4. Long Passwords and Best Practices: I've long written here that a lot of what you've heard about what constitutes a good password, is in fact, wrong. It is not correct that complex passwords are necessarily better, if they're very short. Instead, the best defense is actually the very long password. Looks like the NIST has caught up. Unfortunately, there is another problem at work here: Breached sites where passwords are stolen. It meant that one could not safely reuse the same password, even if it were a very long password. As much as I loved using long passwords, I could not manage to memorize 77 unique, very long passwords. I use a password manager to maintain best practices.
  5. I Was Wrong About GOP and Donald: I used to think that at the very least one could say that the GOP had 'different' ideas. It turns out that I was wrong, and I was also incorrect when I said that Donald had a floor of roughly 70%. It's actually 72% and the GOP is pretty much brain dead. 72% of Republicans either believe that Obama wasn't born in the US or don't know where he was born. You can't fix dumb, ergo the GOP is nothing more than a zombie political party full of people without a hint of intelligence.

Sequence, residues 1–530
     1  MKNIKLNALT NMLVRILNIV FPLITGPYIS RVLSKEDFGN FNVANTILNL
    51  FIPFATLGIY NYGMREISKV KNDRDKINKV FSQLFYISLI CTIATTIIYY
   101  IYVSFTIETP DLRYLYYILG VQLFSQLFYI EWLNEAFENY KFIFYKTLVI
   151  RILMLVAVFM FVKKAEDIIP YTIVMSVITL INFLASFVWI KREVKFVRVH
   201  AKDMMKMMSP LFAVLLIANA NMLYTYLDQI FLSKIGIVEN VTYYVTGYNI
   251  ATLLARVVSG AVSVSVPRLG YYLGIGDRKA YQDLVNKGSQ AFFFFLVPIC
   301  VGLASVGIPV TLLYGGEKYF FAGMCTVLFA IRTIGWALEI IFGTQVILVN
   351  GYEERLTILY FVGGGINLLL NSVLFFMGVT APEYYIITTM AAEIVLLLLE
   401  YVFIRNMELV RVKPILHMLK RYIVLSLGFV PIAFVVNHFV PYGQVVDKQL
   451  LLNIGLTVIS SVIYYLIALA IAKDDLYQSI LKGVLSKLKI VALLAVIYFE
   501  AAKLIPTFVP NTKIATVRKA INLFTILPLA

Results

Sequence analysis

Tuesday, August 9, 2016

5 Things You Need to Know About Donald's 'Economic' Plan

  1. Tax brackets -- His new tax brackets are 12%, 25% and 33%. The current brackets are 10%, 15%, 20%, 25%, 28%, 33%, and 39.5%. Immediately, you'll notice that while he slashes the top marginal tax bracket, he has actually increased the lowest rate from 10% to 12%, and the next two lowest rates are also boosted from 15% and 20% upwards to 25%. The rich get richer while the poor get poorer! He justifies this simplification, saying, "Our current tax code is so burdensome and complex that we waste 9 billion hours a year in tax code compliance." But that's complete BS because reducing the brackets does not simplify the act of looking at the tax tables -- absent a flat tax, you still have a marginal tax that requires looking up on a table to see how much you pay, or if you're using a computer program the software automatically calculates it for you, making it no less simple than before.
  2. Stimulus Spending on Infrastructure -- Last week, Donald made it known that his plan would include a $1T infrastructure spending plan, asserting that it was on par with what Bernie Sanders proposed. I had to laugh, therefore, when one of his own 'economic' advisers -- Stephen Moore -- suggested last Friday that the 2009 ARRA was ineffectual and therefore a waste of money. Note that the stimulus bill was less than what Donald is proposing, but that's not the real kicker. You see, conservative 'economists' such as Stephen Moore have argued in the past that stimulus spending crowds out private spending, regardless of whether or not the country is in a recession. And yet, we're approaching full employment and Donald is proposing a $1T federal spending package. Such hypocrisy!